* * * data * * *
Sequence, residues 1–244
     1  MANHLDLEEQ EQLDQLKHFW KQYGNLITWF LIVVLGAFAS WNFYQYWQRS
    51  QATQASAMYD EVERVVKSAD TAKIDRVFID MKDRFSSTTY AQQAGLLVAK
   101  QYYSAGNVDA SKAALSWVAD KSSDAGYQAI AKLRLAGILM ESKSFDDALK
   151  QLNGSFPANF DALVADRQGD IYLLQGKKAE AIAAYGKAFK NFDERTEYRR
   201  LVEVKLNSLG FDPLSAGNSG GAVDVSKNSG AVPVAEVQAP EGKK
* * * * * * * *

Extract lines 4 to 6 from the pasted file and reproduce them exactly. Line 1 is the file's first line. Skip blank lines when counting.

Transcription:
   101  QYYSAGNVDA SKAALSWVAD KSSDAGYQAI AKLRLAGILM ESKSFDDALK
   151  QLNGSFPANF DALVADRQGD IYLLQGKKAE AIAAYGKAFK NFDERTEYRR
   201  LVEVKLNSLG FDPLSAGNSG GAVDVSKNSG AVPVAEVQAP EGKK